Bloomberg News (1/7, Ratnam, Capaccio) reports, "The US Defense Department is adding $4.6 billion for development of the F-35 fighter jet and slowing down the purchase of the new aircraft. The information was contained in a letter to the US House and Senate." The Pentagon now expects development to "extend into 2016" instead of 2015. "The delays are needed because 'the final assembly process' at Lockheed Martin Corp.'s Fort Worth, Texas, facility is 'still maturing,' the document said." Defense Secretary Robert Gates today said the Marine version of the plane is now on "probation," with orders cut in half. Gates added there were "significant testing problems" that if were not fixed would lead to the plane's cancellation. "The Marines' F-35 Joint Strike Fighter is the most complex version and has had flight-test delays, some caused by parts shortages or lack of reliability."
Reuters (1/7, Shalal-Esa) reports that along with the program changes to the F-35 program, the Pentagon would purchase more Boeing Co F/A-18 to fill the gap in service. Aviation Week (1/6, Sweetman) reports Gates said the testing issues "may lead to a redesign of the aircraft's structure and propulsion - changes that could add yet more weight and more cost to an aircraft that has little capacity to absorb more of either." During the discussion of the issue, "in a major breakthrough for advocates of long-distance airpower, Gates strongly endorsed a program for 'a new long-range, nuclear-capable penetrating bomber.' The Air Force has been struggling to get this program reinstated since Gates deferred development of the so-called '2018 bomber' in 2009."
David Axe at the Wired (1/7) "Danger Room" blog writes, "Secretary of Defense Robert Gates' plan to trim around $100 billion from Pentagon accounts over the next five years - the details of which he announced today - is being billed as a budget cut. Actually, Gates' latest (and likely last) budget exercise represents a net boost for stuff that flies, swims, crawls and shoots. Especially the things that fly." To Axe, "perhaps most importantly, the Navy will now get extra funding for its X-47 killer drone. The first of the Northrop Grumman-made bots is now in California preparing for its first flight. If all goes well, the X-47 could eventually produce a stealthy, long-range, robotic bomber for the Navy's carriers." The Pentagon is also adding money to upgrade F-15 radars. "The biggest change for the Air Force is the go-ahead to design and build a new, manned bomber. This represents the second attempt in just five years to get a new bomber program off the ground." Flight International (1/6, Trimble) also covered the story.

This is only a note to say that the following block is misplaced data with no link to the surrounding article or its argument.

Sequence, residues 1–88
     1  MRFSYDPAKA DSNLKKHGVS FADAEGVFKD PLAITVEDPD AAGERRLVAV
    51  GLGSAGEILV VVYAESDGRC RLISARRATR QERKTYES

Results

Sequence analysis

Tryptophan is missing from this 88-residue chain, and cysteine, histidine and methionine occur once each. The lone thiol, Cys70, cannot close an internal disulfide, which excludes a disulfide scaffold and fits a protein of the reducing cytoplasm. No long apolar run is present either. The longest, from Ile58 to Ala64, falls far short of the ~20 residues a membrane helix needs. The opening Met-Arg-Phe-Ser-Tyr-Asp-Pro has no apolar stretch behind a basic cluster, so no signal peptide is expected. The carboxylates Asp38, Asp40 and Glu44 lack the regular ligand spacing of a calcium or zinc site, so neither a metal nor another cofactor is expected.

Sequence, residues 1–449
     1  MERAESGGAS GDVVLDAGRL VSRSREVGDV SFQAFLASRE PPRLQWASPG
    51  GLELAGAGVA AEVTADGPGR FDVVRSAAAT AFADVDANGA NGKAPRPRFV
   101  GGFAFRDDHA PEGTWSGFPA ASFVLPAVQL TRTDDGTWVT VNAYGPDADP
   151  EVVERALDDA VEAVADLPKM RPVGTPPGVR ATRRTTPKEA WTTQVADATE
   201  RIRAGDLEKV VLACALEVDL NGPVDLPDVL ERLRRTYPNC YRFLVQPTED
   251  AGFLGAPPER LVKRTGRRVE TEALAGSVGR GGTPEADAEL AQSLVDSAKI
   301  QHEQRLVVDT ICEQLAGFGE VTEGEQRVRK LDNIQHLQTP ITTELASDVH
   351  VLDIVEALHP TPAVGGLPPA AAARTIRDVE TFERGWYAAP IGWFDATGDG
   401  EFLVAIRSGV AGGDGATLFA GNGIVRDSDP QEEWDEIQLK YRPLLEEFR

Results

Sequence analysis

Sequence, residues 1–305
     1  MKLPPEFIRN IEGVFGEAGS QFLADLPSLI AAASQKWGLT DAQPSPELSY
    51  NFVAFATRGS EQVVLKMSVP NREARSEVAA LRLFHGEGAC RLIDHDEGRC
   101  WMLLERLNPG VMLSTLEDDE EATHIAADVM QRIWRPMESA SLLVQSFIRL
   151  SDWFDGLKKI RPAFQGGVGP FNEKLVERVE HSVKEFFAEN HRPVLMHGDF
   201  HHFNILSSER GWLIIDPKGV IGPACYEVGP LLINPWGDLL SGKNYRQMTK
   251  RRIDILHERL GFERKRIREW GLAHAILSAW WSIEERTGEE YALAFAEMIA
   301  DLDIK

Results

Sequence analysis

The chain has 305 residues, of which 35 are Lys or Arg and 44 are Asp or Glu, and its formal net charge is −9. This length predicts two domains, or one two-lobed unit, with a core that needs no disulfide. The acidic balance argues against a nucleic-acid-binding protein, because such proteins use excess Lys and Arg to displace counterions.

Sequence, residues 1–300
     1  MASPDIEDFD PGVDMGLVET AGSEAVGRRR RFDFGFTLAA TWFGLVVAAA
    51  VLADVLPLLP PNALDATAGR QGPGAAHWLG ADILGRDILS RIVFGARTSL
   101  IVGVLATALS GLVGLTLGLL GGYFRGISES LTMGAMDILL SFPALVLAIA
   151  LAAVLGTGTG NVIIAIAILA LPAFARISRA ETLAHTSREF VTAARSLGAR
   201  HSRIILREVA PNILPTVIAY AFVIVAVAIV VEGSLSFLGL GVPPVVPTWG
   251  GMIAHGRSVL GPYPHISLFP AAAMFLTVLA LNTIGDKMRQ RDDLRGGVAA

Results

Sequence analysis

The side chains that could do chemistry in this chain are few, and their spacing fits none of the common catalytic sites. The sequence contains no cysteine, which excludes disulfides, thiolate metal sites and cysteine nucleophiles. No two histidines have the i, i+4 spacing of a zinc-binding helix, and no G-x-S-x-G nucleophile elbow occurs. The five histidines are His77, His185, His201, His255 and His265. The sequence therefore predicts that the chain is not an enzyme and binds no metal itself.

EELV Program Safe From Defense Cuts. Flight International (1/7, Putrich) reports, "In a plan that would ultimately cut billions from existing Pentagon programmes, at least one space project is safe, according to US Secretary of Defense Robert Gates." Gates announced the Evolved Expendable Launch Vehicle (EELV) program would have an increased budget, as he said it is needed "to assure access to space for both military and other government agencies while sustaining our industrial base."